- In 1999, a polyglutamine expansion was identified in the transcription factor TATA-binding protein (TBP) in a patient with ataxia with negative family history. Subsequently, CAG/CAA repeat expansions...
In 1999, a polyglutamine expansion was identified in the transcription factor TATA-binding protein (TBP) in a patient with ataxia with negative family history. Subsequently, CAG/CAA repeat expansions in the TBP gene were identified in families with spinocerebellar ataxia (SCA), establishing this repeat expansion as the underlying mutation in SCA type 17 (SCA17). There are several characteristic differences between SCA17 and other polyglutamine diseases. First, SCA17 shows a complex and variable clinical phenotype, in some cases overlapping that of Huntington's disease. Second, compared to the other SCA subtypes caused by expanded trinucleotide repeats, anticipation in SCA17 kindreds is rare because of the characteristic structure of the TBP gene. And thirdly, SCA17 patients often have diagnostic problems that may arise from non-penetrance. Because the gap between normal and abnormal repeat numbers is very narrow, it is difficult to determine a cutoff value for pathologic CAG repeat number in SCA17. Herein, we review the clinical, genetic and pathologic features of SCA17.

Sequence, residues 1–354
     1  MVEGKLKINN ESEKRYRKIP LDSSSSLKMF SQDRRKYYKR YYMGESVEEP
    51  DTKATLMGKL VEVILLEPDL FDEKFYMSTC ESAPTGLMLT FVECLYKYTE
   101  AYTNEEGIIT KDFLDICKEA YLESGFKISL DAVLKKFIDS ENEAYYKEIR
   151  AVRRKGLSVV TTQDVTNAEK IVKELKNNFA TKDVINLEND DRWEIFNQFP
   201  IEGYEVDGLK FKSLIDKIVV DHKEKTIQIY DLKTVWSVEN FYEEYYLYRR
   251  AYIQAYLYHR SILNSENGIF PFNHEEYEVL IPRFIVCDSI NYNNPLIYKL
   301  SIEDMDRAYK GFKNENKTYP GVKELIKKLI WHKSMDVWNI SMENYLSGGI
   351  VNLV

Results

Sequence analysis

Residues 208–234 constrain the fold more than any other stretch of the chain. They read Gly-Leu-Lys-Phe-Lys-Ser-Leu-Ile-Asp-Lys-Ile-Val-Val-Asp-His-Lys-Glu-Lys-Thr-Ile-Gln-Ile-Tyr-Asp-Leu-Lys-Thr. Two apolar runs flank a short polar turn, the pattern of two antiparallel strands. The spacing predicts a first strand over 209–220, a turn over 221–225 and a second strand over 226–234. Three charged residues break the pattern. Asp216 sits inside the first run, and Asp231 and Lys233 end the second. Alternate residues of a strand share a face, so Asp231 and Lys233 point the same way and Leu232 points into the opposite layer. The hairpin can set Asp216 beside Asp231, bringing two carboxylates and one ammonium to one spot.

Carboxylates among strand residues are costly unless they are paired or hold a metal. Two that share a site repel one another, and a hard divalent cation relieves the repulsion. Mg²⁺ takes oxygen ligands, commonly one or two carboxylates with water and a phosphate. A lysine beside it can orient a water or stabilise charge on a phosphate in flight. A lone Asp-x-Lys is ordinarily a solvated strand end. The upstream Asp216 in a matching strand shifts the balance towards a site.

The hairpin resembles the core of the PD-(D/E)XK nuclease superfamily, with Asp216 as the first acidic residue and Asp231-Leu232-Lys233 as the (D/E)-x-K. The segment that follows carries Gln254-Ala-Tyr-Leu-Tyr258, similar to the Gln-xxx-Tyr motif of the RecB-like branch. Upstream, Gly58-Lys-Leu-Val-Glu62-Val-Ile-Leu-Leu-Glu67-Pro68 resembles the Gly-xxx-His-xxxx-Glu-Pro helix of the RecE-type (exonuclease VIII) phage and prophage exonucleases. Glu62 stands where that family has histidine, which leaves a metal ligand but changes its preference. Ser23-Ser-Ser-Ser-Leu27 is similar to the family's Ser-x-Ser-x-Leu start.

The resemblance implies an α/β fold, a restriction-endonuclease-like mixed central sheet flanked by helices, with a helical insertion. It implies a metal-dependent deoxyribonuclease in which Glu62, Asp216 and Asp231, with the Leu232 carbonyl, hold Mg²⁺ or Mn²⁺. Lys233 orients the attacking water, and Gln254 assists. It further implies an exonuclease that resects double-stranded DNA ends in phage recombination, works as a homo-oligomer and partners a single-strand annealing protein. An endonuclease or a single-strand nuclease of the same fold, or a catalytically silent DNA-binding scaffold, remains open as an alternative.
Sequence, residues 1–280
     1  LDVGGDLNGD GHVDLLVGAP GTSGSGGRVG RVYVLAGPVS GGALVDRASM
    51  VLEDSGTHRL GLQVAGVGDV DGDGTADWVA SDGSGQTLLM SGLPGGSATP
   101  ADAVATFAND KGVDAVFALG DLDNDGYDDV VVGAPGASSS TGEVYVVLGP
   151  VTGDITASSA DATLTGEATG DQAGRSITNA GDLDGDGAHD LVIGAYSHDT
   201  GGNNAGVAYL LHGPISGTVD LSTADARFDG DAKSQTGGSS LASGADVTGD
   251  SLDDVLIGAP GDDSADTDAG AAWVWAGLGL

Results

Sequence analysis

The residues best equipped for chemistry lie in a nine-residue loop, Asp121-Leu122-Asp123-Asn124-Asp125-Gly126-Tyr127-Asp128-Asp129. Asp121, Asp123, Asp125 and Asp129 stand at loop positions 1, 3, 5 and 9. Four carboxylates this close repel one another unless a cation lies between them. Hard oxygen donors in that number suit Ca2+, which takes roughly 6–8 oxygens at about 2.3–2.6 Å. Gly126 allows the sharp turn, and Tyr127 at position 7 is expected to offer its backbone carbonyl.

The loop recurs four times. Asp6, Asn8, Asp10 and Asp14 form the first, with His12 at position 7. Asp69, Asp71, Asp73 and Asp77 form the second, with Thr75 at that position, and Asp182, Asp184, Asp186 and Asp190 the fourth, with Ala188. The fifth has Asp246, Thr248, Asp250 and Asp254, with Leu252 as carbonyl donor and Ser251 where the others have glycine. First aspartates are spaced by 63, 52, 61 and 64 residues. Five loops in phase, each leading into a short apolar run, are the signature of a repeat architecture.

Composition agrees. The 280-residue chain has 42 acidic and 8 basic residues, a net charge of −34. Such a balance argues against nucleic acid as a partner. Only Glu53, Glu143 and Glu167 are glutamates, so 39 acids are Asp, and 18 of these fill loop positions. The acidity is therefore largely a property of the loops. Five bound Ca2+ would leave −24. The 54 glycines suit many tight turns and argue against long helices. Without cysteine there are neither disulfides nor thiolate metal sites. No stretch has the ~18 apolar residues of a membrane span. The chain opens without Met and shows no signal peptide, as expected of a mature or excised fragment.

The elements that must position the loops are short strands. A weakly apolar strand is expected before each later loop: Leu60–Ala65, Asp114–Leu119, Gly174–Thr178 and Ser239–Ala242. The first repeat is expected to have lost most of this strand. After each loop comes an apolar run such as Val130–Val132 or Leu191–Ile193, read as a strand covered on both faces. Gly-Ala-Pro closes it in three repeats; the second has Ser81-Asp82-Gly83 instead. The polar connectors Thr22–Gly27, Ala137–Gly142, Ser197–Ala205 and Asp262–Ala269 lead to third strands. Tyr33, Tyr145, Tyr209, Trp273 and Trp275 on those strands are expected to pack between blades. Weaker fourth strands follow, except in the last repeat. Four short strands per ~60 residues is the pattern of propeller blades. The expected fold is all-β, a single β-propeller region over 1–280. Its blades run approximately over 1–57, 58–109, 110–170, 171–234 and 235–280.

- Extrastriatal degeneration correlates with deficits in the motor domain subscales of the UHDRS. [Journal Article]
- JNJ Neurol Sci 2018 Feb 15; 385:22-29
- CONCLUSIONS: In the early stages of HD, it is possible to find correlations between behavioral alterations as measured with the UHDRS motor domains, and extrastriatal regions, including specific areas of the cerebellum, and insular, parietal and frontal cortices. These areas could contribute to the HD related impairments along with the classical deficits associated with the striatal degeneration.
- Autoimmune and paraneoplastic movement disorders: An update. [Review]
- JNJ Neurol Sci 2018 Feb 15; 385:175-184
- Movement disorders (MDs) are common in patients with autoimmune disorders affecting the central and peripheral nervous system. They may be observed in autoimmune disorders triggered by an infectious ...